Review: THE QB by Bruce Feldman

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qbjpg-60749c0583313eaaThe QB: The Making of Modern Quarterbacks
Bruce Feldman
Crown Archetype, October 2014
304 pages

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Like the casting of James Bond or the election of presidents, the styles, moods, and values of the NFL’s starting quarterbacks in any given generation provide a meaningful reflection of where American masculinity is oriented. So no big surprise, then, that the manicured post-adolescent quarterbacks profiled in Bruce Feldman’s The QB—and, but of course, their omnipresent and phenomenally expensive private tutors—resort to the airy jargon and buzzwords of modern business whenever they get excited.

One of the main characters in The QB is Trent Dilfer, who was an average quarterback—as far as NFL-caliber quarterbacks are concerned—from 1994 to 2007. Dilfer’s verve for life, though, seems to have been only awakened in retirement by running Elite 11, a workout-camp-slash-TV-show focused on grooming the nation’s most promising high school quarterbacks. Excuse me: Elite 11 is a “forward-facing platform” focused on establishing a “holistic coaching ecosystem.”

Running the camp—never mind participating in it—is a demanding and time-consuming process. On the summer day in 2013 when Dilfer must winnow eighteen remaining prospects down to that year’s Elite 11, he elects to be present at the camp instead of being with his wife on their twentieth anniversary. Apparently it was no biggie. Quoth Dilfer: “‘As painful as it was, it was so defining for me that I knew I was exactly where I was supposed to be. That I was doing what I was supposed to be doing. I think they know I’m better as a husband and father, and as a man, when I’m whole.’” Who “they” is remains perilously ambiguous, even in the full context of the scene. One’s mind can only sadly wander to poor Mrs. Dilfer, alone under the sheets that night, widowed by a pack of teenage jocks.

In the same way the domineering stage mothers of Toddlers in Tiaras can hold a viewer (or, at least, this viewer) in rapt, couch-bound attention, the private tutors in The QB enthrall with their catty rivalries. The “Dreammaker” will scuffle on Twitter RE: proper coaching methods with the “QB Whisperer from Dime City,” which is of course followed up with some passive-aggressive bickering when the pair show up, coincidentally, at the same lush Southern California sports complex, their respective prize pupils in tow. Since the quarterback prospect himself tends to have a father who is preoccupied with being the seven-figure CEO of such-and-such company (how else to afford lessons that go for $700 an hour?), does one’s heart warm at the familial bonds cemented when these new surrogate fathers vicariously measure their self-worth through the performance of their new surrogate sons? Heh.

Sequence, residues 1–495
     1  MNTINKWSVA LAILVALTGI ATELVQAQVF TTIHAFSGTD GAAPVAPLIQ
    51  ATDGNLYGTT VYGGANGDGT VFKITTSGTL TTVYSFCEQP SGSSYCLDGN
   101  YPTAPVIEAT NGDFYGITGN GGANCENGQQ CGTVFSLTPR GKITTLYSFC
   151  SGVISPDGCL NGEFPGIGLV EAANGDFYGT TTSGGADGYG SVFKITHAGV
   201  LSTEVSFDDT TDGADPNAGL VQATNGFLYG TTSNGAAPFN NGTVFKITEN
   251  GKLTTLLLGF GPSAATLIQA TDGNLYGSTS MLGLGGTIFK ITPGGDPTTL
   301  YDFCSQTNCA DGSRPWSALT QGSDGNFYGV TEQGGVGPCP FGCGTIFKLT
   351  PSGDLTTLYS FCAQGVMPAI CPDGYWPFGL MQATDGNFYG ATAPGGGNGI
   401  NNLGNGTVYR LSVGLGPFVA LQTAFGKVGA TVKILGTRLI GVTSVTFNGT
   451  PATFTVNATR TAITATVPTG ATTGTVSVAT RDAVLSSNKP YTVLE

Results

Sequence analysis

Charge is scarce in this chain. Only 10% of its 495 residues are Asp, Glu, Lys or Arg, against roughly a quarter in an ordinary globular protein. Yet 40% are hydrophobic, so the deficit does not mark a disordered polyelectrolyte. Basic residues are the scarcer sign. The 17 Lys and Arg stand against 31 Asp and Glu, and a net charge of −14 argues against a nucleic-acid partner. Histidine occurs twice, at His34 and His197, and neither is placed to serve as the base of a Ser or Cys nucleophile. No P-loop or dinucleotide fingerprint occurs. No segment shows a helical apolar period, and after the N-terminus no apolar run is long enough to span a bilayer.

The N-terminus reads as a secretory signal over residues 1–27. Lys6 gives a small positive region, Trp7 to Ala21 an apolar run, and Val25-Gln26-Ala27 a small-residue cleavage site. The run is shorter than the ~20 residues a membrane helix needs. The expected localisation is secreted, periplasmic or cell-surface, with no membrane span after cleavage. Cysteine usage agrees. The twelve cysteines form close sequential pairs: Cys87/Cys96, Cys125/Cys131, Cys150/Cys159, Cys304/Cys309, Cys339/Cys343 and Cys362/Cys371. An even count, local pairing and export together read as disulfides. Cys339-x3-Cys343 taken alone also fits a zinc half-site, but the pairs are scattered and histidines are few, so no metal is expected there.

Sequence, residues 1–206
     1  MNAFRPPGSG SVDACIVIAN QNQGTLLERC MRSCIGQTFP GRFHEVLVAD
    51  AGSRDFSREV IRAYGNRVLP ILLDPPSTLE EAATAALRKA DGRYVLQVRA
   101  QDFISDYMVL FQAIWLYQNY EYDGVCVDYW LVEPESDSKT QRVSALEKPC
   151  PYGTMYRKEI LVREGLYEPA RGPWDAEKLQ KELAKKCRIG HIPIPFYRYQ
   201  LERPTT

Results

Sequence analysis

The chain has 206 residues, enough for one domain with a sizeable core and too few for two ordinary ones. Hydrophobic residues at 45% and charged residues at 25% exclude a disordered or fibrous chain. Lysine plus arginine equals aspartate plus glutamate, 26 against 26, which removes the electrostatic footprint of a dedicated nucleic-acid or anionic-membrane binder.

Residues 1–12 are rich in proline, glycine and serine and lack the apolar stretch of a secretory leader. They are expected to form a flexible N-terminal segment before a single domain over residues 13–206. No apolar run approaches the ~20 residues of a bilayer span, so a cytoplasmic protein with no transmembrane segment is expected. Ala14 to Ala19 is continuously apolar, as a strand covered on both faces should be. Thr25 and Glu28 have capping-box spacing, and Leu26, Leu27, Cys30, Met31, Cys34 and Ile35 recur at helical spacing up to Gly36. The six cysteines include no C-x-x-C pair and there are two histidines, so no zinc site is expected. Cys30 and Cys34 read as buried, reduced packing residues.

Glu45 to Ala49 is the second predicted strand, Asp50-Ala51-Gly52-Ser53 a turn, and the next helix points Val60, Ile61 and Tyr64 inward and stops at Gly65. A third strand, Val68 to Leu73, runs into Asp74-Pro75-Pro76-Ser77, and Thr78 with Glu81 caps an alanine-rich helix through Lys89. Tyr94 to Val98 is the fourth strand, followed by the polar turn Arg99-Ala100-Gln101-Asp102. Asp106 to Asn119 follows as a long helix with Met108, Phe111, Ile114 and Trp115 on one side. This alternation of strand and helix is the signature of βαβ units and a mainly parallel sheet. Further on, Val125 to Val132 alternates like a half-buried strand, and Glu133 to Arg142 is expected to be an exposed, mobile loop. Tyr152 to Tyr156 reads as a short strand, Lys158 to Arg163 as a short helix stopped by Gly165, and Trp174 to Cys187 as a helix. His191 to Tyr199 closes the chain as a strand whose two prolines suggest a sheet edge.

Not that Feldman, a journalist swooping in from the outside, is at all responsible for establishing this culture of the thoroughly synergized Alpha Male. Well, maybe he does sip deeply from a given guru’s Kool-Aid from time to time. But still, just like documentaries Somm and Jiro Dreams of Sushi leave their audiences appreciative of the lengths that their subjects will go to perfect their chosen craft, The QB is a portrait of craftsmen who are admirably attempting to scale the impossible peaks of perfection. The QB will look even more interesting five, ten years in the future, as certain of its adolescent subjects go on to succeed (or not) in the NFL.

No matter how polished the pitches from the likes of Dilfer or the “Dreammaker” become, though, none of their services are useful unless their students approach the lessons with a phenomenal work ethic—a truism that somehow appears to be lost on all of Feldman’s subjects. The most-discussed quarterback in The QB—and also in the rest of America—is Johnny Manziel, whose phenomenal in-game improvisation skills flummoxed college opponents but were easy to diffuse for his more-skilled NFL opponents in the winter of 2014, Manziel’s disastrous rookie season as a pro. Feldman follows Manziel in 2013, when the quarterback has carte blanche access to the most sought-after tutors, but it seems that in every other chapter Manziel is showing up to a lesson, camp, or practice hung over from the previous night.

The most enlightening anecdote in The QB involves Peyton Manning, who has continuously been one of the NFL’s premier quarterbacks since his debut in 1998, although he is only a background character in this book. The story goes: during Manning’s time at the University of Tennessee, he used an off day to unload a trunk full of VHS tapes—game footage that Manning used for scouting—at the team facility, presumably to make room for more tape in his voluntarily maintained home library. At this point in the nineties, the private quarterback tutor had not yet been invented.

The two quarterbacks that you will see in this Sunday’s Super Bowl—Russell Wilson of the Seattle Seahawks and Tom Brady of the New England Patriots—unquestionably resemble Manning in this way, and Manziel might as well be an alien. Their success is hard to fathom, and of course impossible to replicate, but at least it’s not a secret how they arrived there. They put in the work.